Fig. 1.Sampling of Fourier space by projections in 2D. The Fourier transform of each projection samples a slice of Fourier space (black lines); its normal is determined by the tilt angle. The signal ‘leak’ of each sample point into the neighboring area is reciprocally proportional to the diameter D of the object. For reconstruction, the Fourier coefficients on the 3D grid (intersected lines) need to be approximated from the sampling points of the projections by an appropriate algorithm. In principle, the 3D signal can be reconstructed without any gaps to a resolution k_C if the entire tilt range of +/-90 deg was accessible. Restricting the tilting to +/-90 deg gives rise to a ‘missing wedge’.
In PyTom reconstructions are performed using backprojection. The algorithm can use different interpolation kernels. By default we use a 3rd order spline.
In our tutorial data-set you will find a directory
reconstructTomo where you can perform reconstruction of a full tomogram by weighted backprojection.
Projections will be aligned and weighted during this step so that the data you start with are unaligned and unweighted projections. Essentially raw projections only sorted according to the tilt angle.
Running this script will generate a full
tomogram.em file, either 2x binned (4x downscaled) (
512,512,128) or in original size (
reconstructTomo.sh is essentially the only script you have to run to obtain the aligned, weighted projections and the 2x binned tomogram.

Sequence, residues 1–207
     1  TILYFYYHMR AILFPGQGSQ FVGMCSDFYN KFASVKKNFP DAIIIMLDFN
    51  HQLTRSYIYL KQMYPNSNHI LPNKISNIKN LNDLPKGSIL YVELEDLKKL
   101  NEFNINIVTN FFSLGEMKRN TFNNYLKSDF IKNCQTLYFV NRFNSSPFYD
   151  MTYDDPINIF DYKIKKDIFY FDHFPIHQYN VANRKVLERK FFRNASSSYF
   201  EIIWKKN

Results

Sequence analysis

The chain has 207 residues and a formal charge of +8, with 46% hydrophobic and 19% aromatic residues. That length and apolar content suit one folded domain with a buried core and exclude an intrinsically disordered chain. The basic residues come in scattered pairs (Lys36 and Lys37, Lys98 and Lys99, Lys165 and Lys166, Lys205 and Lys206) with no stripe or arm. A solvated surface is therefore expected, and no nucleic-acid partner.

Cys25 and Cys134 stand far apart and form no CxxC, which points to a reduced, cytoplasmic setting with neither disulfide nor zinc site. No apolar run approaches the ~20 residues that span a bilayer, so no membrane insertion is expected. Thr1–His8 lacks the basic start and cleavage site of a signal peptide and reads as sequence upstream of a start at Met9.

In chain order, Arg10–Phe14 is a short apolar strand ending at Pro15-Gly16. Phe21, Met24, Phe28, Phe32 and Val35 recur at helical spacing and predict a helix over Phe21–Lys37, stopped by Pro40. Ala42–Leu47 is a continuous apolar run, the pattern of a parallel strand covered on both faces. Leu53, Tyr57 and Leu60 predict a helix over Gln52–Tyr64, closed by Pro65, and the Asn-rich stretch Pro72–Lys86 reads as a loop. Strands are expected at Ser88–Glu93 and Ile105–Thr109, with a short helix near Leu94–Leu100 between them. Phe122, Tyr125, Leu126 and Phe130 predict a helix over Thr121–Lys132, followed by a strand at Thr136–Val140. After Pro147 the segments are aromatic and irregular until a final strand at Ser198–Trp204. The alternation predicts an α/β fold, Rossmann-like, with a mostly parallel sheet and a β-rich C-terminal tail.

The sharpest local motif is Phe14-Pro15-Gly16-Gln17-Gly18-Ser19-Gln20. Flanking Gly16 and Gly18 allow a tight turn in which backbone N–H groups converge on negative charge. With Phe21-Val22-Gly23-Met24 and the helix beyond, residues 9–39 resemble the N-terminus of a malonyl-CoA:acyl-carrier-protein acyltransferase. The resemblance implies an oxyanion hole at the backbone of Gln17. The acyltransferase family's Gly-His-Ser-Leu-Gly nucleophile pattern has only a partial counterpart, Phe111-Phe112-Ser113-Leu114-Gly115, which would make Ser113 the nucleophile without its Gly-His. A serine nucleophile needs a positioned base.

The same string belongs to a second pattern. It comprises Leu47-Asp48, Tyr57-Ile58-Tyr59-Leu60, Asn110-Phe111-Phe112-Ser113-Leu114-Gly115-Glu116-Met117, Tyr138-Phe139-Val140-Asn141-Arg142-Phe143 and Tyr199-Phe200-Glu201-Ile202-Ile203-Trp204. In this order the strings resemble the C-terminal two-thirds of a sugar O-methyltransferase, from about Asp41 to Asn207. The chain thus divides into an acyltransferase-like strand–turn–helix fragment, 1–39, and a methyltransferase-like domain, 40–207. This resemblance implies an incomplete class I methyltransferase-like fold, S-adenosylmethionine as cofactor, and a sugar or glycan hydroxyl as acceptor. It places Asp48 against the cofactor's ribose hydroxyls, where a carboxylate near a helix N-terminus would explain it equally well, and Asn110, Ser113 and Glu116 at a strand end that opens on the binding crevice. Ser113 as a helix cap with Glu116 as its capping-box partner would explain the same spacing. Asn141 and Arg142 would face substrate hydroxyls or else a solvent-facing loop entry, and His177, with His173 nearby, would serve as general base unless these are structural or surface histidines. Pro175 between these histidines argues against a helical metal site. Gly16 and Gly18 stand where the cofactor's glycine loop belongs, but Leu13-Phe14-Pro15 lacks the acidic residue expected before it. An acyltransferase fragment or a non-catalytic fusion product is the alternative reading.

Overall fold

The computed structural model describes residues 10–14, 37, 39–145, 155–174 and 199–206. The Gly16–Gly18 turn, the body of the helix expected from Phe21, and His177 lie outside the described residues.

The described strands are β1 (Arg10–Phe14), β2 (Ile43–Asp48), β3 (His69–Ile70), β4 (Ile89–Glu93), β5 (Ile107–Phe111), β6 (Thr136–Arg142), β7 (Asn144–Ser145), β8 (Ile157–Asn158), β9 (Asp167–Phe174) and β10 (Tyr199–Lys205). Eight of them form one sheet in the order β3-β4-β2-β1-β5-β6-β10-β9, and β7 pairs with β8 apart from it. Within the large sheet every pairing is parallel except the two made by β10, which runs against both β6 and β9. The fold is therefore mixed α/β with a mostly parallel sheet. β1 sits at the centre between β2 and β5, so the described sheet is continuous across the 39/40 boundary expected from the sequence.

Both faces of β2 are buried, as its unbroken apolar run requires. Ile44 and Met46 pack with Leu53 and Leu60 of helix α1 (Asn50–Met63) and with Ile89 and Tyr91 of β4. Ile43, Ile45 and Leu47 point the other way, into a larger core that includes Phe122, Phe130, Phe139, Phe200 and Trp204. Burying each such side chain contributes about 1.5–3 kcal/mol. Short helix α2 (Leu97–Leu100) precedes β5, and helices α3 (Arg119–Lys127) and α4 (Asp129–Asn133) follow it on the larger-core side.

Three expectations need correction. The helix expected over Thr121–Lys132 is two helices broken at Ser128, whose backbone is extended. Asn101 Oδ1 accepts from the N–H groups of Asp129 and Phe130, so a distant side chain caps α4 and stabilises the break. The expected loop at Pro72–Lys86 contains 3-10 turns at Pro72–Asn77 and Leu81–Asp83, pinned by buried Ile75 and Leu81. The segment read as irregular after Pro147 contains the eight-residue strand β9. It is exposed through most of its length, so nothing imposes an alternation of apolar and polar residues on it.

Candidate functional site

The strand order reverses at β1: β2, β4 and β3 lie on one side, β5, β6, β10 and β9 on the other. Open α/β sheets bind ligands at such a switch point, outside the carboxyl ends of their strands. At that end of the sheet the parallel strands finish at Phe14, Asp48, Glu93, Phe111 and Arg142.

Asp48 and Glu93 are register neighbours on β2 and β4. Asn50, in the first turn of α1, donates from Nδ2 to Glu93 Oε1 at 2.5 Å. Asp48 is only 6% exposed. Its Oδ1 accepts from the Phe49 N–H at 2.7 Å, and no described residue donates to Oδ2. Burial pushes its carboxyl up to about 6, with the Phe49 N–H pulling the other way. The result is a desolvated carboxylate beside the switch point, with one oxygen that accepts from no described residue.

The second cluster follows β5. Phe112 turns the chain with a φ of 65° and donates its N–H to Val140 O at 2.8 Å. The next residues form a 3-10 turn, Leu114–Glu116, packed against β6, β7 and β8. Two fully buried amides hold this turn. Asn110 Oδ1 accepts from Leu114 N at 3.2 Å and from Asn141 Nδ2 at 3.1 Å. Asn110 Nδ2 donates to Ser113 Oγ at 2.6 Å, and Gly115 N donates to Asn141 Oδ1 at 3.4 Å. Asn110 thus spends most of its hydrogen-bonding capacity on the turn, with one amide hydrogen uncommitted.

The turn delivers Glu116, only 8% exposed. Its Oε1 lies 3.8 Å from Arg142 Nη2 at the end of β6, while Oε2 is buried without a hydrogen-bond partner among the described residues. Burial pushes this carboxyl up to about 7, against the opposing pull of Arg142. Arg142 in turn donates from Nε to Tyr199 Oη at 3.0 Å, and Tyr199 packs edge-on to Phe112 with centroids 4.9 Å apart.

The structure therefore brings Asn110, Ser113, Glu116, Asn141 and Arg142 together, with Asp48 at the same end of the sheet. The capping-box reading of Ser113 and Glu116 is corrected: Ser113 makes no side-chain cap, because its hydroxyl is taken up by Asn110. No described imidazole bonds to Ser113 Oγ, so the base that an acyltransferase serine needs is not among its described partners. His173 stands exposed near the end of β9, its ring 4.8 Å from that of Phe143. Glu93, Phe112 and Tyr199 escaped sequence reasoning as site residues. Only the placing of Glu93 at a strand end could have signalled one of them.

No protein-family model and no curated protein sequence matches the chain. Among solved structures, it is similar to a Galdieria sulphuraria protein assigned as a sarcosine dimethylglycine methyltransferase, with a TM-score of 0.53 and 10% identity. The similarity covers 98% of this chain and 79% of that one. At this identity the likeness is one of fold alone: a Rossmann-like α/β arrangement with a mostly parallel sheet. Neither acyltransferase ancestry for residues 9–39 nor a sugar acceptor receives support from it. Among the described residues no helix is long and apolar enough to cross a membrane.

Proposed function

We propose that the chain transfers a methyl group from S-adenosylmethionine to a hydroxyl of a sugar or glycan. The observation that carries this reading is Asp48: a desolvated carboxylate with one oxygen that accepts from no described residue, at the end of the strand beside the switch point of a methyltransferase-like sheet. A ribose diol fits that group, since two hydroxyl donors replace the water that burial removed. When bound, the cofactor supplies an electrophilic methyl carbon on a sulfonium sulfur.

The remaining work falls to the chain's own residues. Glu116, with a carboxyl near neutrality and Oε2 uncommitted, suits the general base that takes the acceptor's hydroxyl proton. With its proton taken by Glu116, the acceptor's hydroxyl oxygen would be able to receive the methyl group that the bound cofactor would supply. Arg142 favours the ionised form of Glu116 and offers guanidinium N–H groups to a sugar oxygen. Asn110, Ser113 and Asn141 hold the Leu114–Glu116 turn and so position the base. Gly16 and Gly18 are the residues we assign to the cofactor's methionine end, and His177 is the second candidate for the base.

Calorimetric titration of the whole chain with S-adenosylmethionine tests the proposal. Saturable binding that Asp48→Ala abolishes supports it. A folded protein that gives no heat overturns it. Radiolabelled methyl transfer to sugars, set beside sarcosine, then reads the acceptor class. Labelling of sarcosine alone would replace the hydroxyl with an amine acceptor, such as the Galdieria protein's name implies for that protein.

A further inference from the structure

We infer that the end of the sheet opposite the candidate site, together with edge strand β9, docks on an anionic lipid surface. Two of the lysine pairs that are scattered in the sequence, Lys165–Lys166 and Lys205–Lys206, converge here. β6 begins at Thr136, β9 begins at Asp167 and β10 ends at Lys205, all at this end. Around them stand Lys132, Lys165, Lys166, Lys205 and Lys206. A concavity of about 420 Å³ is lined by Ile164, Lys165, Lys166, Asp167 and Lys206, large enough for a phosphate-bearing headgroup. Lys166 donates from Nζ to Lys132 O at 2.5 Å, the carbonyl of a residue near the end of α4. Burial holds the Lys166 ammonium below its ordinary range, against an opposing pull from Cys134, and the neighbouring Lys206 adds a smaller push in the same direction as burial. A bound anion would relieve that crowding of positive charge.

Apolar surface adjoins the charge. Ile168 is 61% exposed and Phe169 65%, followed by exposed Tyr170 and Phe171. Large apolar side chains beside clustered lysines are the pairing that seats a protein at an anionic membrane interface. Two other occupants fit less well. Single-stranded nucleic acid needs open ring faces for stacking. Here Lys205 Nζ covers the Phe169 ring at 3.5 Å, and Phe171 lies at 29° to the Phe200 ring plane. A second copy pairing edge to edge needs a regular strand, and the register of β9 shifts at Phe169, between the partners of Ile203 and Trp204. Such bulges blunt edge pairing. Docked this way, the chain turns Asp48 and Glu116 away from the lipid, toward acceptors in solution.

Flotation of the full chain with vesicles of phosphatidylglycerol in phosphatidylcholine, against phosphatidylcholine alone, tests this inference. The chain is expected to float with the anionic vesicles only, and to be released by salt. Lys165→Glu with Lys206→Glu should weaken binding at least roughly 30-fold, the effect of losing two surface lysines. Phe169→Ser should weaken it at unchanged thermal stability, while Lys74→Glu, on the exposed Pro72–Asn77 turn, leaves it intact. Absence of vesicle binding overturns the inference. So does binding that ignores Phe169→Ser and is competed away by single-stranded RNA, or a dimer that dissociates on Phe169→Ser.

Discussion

reconstructTomogram.py --tiltSeriesPath ../projections/ \ --tiltSeriesPrefix tomo01_sorted \ --firstIndex 1 \ --lastIndex 41 \ --referenceIndex 21 \ --markerFile ../projections/markfile_temp.mark \ --referenceMarkerIndex 1 \ --projectionTargets ./alignedProjections/tomo01 \ --projectionBinning 4 \ --lowpassFilter 0.5 \ --tomogramFile tomogram.em \ --fileType em \ --tomogramSizeX 512 \ --tomogramSizeY 512 \ --tomogramSizeZ 128 \ --reconstructionCenterX 0 \ --reconstructionCenterY 0 \ --reconstructionCenterZ 0
reconstructTomogram.py, simply run
EMformat, .e.g., generated using TOM)
MRC- no tomogram written if not specified)
Now PyTom also includes the support of a new reconstruction algorithm called Iterative Nonuniform fast Fourier transform based Reconstruction method (INFR). For more details about this algorithm, please check: Iterative reconstruction of cryo-electron tomograms using nonuniform fast Fourier transforms, Y. Chen et al., JSB 2014.
The way to use it is simple:
pytom PathToPytom/bin/reconstructTomogram.py --tiltSeriesPath MyTiltSeriesDir \ --tiltSeriesPrefix NameOfTiltSeriesFiles --firstIndex 1 --lastIndex MyLastIndex \ --referenceIndex MyReferenceProjectionIndex --markerFile MyMarkerFile \ --referenceMarkerIndex MyReferenceMarkerIndex --projectionTargets \ MyFileNameOfAlignedProjections --projectionBinning MyBinning --weightingType 0
Sometimes you might want to do simple things on your reconstructed tomogram like reducing its size or low-pass filtering it without reconstructing it again. Here is an example how to reduce the size in z:
from pytom_volume import read, subvolume
v = read('tomogram.em')
#this function will cut out a subvolume the size 512,512,256 out of the original volume starting at position 0,0,128
s = subvolume(v,0,0,128,512,512,256)
Make sure you store the position at which the subvolume was cut. This will coordinate is required for reconstructing subtomograms at full resolution (see Reconstruct Subtomograms Tutorial).
If you want to lowpass filter the tomogram / subvolume to a specified resolution you can do that interactively as well:
$ipytom volume = read('subvolume.em')
from pytom.basic.filter import lowpassFilter
filteredVolume = lowpassFilter(volume,100,10) #filter the volume to the 100th pixel in Fourier space with 10 pixel smoothing